• Pages from the Shahnama, or the Persian “Book of Kings”, made for Shah Tehmasp, considered to contain some of the most exquisite miniatures ever created;
• The earliest known manuscript of the Canon of Medicine of Ibn Sina (Avicenna), written in Arabic, which served as the standard medical reference in Europe for 500 years;
• One of the best preserved silk lampas Mongol Robes from the thirteenth century;
• A double page of the celebrated Blue Qur’an, a ninth century manuscript written in gold kufic script on a blue-dyed parchment.
Comprising works of art in stone, wood, ivory and glass, jewelry and metalwork, ceramics and rare works on paper and parchment, the items in the collection create an overview of the artistic accomplishments of Muslim civilisation from the Iberian Peninsula to China and from the eighth to the eighteenth centuries.
Artifacts and art objects from the Aga Khan Museum’s collection have been shown in London, Paris, Lisbon and Madrid. The Aga Khan believes that exhibitions such as these have an important role to play in promoting understanding, respect and appreciation for different cultures and traditions. Over 200 of these artifacts, spanning over a thousand years of Islamic history, will be shown at an exhibition at the Martin-Gropius-Ban in Berlin from 17 March 2010 till 6 June.
The exhibition is organized along two main themes: “The Word of God”, and “The Route of the Travelers”. “The Word of God” presents Qur’anic manuscripts and folios as well as objects related to pilgrimage, prayer and mysticism, illustrating how the sacred text was a source of inspiration both for artists and architects. “The Route of the Travelers” takes the visitor along an itinerary throughout the Islamic world, stretching from Al-Andalus in the Iberian Peninsula to the Maghreb and Sicily, to the Egypt of the Fatimids and Mamluks and on to Ottoman Constantinople, Ummayad Damascus and Ayyubid Baghdad. The route continues through Persia to Central Asia and to the India of the Moguls, each providing a glimpse of the extraordinary creativity, richness and diversity of the societies of the time, as well as the mingling of influences from Asia and Europe.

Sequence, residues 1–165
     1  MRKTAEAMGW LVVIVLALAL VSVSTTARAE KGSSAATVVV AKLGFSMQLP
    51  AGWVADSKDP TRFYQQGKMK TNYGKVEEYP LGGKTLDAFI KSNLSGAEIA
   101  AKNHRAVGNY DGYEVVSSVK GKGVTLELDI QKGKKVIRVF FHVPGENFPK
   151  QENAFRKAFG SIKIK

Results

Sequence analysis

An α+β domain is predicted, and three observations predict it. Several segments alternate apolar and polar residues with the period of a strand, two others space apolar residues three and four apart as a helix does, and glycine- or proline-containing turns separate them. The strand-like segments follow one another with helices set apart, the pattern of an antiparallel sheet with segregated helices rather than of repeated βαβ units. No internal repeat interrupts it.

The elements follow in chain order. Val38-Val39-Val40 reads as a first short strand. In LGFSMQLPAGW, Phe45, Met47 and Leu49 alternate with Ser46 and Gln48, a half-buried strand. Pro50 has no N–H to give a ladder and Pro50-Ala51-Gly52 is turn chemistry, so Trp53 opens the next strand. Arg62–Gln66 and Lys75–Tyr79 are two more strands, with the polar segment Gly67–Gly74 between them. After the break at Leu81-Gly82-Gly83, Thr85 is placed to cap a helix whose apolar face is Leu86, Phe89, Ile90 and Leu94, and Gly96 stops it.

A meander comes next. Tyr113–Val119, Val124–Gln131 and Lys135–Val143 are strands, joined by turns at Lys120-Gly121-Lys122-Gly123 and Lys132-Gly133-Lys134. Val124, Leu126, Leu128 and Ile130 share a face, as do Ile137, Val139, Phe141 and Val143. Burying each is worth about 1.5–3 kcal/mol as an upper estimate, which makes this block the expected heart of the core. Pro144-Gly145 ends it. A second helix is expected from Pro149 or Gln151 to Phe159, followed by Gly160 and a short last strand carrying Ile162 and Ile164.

Within the exhibition, a special section pays homage to the great Persian poet Firdawsi, often compared to Homer, who finished writing his great Shahnama or “Book of Kings” exactly 1000 years ago. His work became the handbook of Shahs and Sultans, who vied with each other to obtain lavishly illustrated copies. Two such books have been digitalized, and for the first time, the public will be able to turn their pages on tactile screens.
The exhibition is held under the patronage of His Highness the Aga Khan, founder and Chairman of the Aga Khan Development Network (AKDN), and its cultural arm, the Aga Khan Trust for Culture (AKTC). The Aga Khan expects that the Aga Khan Museum in Toronto will become a centre of education and learning dedicated to the presentation of Muslim arts and culture in all their historic, cultural and geographical diversity. Surrounded by a large landscaped park, the museum will be housed in a 10,000 square-meter building designed by the Japanese architect Fumihiko Maki. The Aga Khan Museum will offer unique insights and new perspectives into Muslim civilisation.
It is one of three museum projects currently under development by the AKTC. The other two are the Museum of Historic Cairo, in Egypt, and the Indian Ocean Maritime Museum in Zanzibar. The museums are part of the Aga Khan Trust for Culture’s wide range of activities aimed at the preservation and promotion of the material and spiritual heritage of Muslim societies.